Benjamin “Pitchfork” Tillman (1847-1918) is a frequent and easy target for critics of Southern politics and culture. The sometimes coarse, one-eyed populist was a hero to many impoverished small farmers in South Carolina. But the governor and US senator was also a symbol of the sometimes violent and crude leaders who governed the South following the demise of the planters. Unlike the traditional Southern elite these populists depended upon White democracy (“the despotism of numbers,” as described by Robert Barnwell Rhett, the Father of Southern Nationalism) and frequently exhibited a spirit of racial hatred not found among the Antebellum South’s ruling class. Tillman and those like him came to power in a devestated South which was no longer wealthy or influential – and one in which they had to battle (politically and physically at times) the former slaves for control. Perhaps unsurprisingly, they often lacked the humane and patriarchal character of the old guard.
Francis Butler Simpkins, professor of history at Emory University, notes in the introduction and opening pages of his book The Tillman Movement in South Carolina (Duke University Press, 1926):
In order to understand the Tillman Movement in South Carolina it is necessary at the outset to take into account those economic and social changes which made such reforms in the political life of the state as Tillman championed possible and perhaps inevitable. … [I]t is necessary, first, to show to what degree the social system of ante-bellum South Carolina was destroyed by forces unlocked by the Civil War and how these new forces made possible the rise to economic and social importance of a class of the white population with little previous influence.
Simpkins notes that “The political control of South Carolina before 1865 was in the hands of an aristocracy of planters to the exclusion of the black and white masses.” As described in my book Our Southern Nation: Its Origin and Future (American Anglican Press, 2015), this class tended to be well-educated, humane, patriarchal and sophisticated in the art of political science. It was the same planter class which ruled the greater plantation civilization of the New World, known to many nineteenth century Southerners as the “Golden Circle.”
Simpkins goes on to write:
The Civil War, to a large degree, destroyed the physical basis of society as it had existed in South Carolina prior to that event. Stores were closed; roads were out of repair. Charleston was a ‘city of ruins, of desolation, of vacant houses, of widowed women, of deserted warehouses and of Wharfes were overgrown with rank weeds.’ Columbia, where much treasure had been stored, was a wilderness of ruins. Ashley Hall, Middleton Place, Porcher House, and the homes of William Gilmore Sims and Wade Hampton were in ashes. Slaves and Confederate bonds had become worthless, and land had fallen to one-third of its former value.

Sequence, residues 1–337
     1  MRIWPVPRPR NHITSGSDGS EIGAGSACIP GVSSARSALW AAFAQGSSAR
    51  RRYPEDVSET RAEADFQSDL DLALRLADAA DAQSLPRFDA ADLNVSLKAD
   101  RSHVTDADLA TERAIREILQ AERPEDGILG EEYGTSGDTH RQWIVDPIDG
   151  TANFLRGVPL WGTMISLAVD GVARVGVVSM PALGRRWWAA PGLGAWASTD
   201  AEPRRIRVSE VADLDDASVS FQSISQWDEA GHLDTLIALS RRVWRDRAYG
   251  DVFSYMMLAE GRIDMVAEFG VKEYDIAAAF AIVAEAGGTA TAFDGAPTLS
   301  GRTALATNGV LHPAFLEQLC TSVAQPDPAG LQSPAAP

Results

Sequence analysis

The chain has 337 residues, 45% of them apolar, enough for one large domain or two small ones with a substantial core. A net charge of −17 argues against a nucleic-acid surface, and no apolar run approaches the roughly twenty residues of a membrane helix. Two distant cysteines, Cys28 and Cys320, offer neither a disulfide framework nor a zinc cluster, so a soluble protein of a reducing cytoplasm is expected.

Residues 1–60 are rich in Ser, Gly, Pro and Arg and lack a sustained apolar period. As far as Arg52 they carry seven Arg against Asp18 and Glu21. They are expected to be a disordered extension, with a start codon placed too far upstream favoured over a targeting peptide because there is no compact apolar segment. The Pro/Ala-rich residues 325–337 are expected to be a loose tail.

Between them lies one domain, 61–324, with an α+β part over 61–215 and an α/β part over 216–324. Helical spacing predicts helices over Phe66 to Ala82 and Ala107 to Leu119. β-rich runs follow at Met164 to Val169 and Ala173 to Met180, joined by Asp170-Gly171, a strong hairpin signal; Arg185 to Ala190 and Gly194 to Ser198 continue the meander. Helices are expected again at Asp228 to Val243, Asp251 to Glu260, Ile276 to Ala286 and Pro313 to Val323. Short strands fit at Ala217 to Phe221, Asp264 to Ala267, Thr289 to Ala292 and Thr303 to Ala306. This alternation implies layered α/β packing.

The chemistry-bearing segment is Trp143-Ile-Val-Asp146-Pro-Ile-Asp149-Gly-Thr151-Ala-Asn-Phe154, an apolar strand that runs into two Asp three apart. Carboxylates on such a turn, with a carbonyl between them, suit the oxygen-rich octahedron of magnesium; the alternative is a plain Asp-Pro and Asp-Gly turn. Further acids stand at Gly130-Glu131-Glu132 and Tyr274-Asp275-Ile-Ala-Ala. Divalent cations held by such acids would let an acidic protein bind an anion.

…The break-up of the old social organization and the subsequent failure of the Negro [during Reconstruction] to gain a position of social importance commensurate with his numbers were accompanied by the emergence into importance of a new class of white people, who outdid the ante-bellum aristocracy in the race for leadership of the state.
Simpkins points out that small farmers and planters were united under the leadership of former planter and Confederate general Wade Hampton in the Revolution of 1876 which restored White Southern rule to the State. As long as the “Saviour of South Carolina” lived he was able to hold back the growing populist movement through the power of his own prestige. White unity within the Democratic Party ensured Southern governance, but it was a racial-political unity with two very different poles – supported by competing social classes.
The externally-imposed poverty and social chaos of the late 1800s established the unfortunate conditions under which the post-War South suffered. These were the conditions which deposed our traditional patriarchal order and brought coarse populists to power. The rise of such a class of White democrats (with a little ‘d’) was far more to be desired than the genocide which was inflicted upon the French colonists of Saint-Domingue or the utter devestation inflicted upon Whites in other post-plantation societies of the Caribbean. However, the abuses of the day and sometimes poor policies put into place must be understood as consequences of US invasion, occupation and egalitarian revolution. Without Abraham Lincoln’s imperialistic war upon the South it is highly unlikely that there would have been a Tillman Movement in the Palmetto State.